In the comic, Annie is a resourceful and optimistic 11-year-old who gets taken out of a ramshackle orphanage to live with the kindly and prosperous “Daddy” Warbucks. Originally, Warbucks had a resentful wife who would send Annie back to the orphanage at any opportunity. The strip became a nationally syndicated sensation, and it continued to be published in various forms for 86 years before finally ending in 2010.
The character quickly jumped off the page to other media. In 1930, “Little Orphan Annie” became a hugely popular radio show. As depicted in the movie “A Christmas Story,” young fans would exchange packages of Ovaltine, the show’s sponsor, for items like a secret decoder ring (which would tell you to buy more Ovaltine). There were also two movie versions of the story in the ‘30s, but neither were particularly successful with audiences.
What did prove to be popular, though, was the 1977 Broadway musical simply entitled “Annie.” The play took many liberties with the original source material, eliminating Warbucks’ wife and making President Franklin D. Roosevelt (whom Harold Gray vocally opposed) a heroic character. 13-year-old Andrea McArdle became the youngest ever nominee for the Best Actress Tony award for playing the title character, and she was later replaced by a very young Sarah Jessica Parker. The show ran for nearly six years, spawning national tours, foreign productions, and a multiple Broadway revivals.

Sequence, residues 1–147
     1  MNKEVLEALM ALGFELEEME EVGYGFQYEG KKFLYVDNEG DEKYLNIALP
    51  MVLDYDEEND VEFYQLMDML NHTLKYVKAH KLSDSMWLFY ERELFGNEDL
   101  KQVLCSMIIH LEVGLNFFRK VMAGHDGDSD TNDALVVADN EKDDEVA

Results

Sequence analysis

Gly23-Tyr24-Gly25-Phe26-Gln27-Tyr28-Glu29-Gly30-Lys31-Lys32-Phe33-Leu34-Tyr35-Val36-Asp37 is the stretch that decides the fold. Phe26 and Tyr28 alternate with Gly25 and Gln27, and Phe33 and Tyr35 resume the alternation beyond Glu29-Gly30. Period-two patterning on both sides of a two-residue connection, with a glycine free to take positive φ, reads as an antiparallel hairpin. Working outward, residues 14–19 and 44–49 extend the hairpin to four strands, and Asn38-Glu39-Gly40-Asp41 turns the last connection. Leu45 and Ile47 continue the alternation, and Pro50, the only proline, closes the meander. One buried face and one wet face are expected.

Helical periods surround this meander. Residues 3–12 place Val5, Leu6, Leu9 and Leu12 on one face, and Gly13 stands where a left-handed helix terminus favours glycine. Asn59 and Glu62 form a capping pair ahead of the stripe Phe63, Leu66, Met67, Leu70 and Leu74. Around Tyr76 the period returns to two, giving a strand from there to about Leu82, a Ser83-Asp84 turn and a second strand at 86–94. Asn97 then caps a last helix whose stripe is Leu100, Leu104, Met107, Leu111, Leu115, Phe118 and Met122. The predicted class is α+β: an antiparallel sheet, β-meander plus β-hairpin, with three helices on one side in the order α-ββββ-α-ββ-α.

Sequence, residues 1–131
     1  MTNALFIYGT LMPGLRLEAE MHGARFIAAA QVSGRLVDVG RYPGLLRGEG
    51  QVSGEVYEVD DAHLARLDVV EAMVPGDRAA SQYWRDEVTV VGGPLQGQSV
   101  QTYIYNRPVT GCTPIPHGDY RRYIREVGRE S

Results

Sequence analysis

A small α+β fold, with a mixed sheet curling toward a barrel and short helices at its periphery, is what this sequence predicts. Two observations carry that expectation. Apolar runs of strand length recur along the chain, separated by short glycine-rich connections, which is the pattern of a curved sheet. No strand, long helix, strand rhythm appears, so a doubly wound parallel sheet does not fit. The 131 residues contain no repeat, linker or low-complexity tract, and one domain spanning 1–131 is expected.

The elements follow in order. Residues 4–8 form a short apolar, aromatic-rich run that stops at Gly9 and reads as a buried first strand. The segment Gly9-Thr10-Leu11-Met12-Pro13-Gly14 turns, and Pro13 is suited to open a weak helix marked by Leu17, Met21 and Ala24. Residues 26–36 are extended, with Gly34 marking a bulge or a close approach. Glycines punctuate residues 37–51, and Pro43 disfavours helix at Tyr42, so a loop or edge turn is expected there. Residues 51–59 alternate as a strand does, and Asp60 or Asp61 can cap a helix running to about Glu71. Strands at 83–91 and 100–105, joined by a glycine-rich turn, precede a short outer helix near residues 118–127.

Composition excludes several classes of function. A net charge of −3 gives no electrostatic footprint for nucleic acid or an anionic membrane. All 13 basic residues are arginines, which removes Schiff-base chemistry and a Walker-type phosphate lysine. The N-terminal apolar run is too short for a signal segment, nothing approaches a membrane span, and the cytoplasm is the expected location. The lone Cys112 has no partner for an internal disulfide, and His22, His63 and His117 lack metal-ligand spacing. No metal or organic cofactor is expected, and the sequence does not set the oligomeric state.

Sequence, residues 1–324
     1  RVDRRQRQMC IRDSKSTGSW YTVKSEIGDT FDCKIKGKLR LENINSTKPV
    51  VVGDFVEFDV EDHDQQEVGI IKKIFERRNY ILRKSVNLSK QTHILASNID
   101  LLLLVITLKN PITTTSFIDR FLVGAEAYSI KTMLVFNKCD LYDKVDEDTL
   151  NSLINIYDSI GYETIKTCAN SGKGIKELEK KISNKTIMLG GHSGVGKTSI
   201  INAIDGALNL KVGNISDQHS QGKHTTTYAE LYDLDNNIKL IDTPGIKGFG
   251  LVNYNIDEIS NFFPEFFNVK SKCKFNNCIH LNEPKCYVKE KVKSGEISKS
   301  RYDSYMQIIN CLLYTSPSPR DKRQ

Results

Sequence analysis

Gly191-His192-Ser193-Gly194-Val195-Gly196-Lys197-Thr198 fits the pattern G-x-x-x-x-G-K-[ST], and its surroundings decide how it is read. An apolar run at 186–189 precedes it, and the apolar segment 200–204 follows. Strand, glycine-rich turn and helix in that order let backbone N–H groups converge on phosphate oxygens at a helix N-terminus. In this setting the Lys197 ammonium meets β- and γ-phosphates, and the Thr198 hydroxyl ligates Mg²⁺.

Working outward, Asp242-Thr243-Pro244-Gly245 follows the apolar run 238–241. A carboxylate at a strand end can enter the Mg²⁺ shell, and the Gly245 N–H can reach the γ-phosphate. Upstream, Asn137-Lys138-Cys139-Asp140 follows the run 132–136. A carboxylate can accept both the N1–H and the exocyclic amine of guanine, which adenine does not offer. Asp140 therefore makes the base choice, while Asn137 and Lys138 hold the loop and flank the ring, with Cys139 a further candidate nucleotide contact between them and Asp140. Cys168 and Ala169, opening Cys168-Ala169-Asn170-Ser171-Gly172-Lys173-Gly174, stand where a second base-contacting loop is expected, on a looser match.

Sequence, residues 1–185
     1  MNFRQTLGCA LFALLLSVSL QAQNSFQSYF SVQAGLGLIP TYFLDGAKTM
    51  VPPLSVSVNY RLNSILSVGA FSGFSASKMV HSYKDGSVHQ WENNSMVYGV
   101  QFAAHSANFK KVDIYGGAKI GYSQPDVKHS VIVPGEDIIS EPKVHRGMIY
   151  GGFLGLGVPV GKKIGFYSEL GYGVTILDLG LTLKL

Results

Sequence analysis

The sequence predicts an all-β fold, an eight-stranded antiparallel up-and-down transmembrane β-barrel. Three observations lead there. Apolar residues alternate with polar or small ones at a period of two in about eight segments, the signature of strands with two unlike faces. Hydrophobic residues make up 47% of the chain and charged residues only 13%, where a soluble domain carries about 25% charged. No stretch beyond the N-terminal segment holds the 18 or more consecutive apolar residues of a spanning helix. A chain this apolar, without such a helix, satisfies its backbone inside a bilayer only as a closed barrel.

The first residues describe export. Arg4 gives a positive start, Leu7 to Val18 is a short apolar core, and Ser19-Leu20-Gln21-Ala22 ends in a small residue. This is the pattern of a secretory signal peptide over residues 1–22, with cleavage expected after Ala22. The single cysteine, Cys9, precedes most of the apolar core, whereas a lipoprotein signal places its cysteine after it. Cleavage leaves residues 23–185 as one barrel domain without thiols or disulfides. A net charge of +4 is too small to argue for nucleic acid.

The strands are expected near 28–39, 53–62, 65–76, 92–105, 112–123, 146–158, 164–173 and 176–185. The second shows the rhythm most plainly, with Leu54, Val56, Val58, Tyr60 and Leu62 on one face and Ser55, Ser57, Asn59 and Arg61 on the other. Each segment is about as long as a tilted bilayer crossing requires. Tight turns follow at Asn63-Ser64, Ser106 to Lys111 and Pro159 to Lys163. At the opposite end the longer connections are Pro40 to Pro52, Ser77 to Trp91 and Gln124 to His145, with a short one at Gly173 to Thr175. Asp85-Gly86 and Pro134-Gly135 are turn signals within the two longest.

Naturally, a show that successful is bound to be adapted for the movies. Hollywood legend John Huston directed the big-budget production which starred Albert Finney, Carol Burnett, Bernadette Peters, Tim Curry, and Ann Reinking. Aileen Quinn beat out around 8,000 other girls (including a young Drew Barrymore) to win the part of the title role. The movie made some significant changes to the Broadway musical: dropping some songs, adding new ones, and including a more action-packed climax atop a drawbridge.
The movie was a sizable hit, earning two Oscar nominations and becoming the 10th highest-grossing movie of 1982. But the film cost so much to make it wasn’t especially profitable. It had a second life, however, on television and home video, becoming an integral part of childhood for an entire generation. There were two attempts at a sequel to the stage musical, but neither production ever made it to Broadway. A completely different sequel, “Annie: A Royal Adventure,” was made for TV in 1995, and another adaptation of the original musical aired four years later.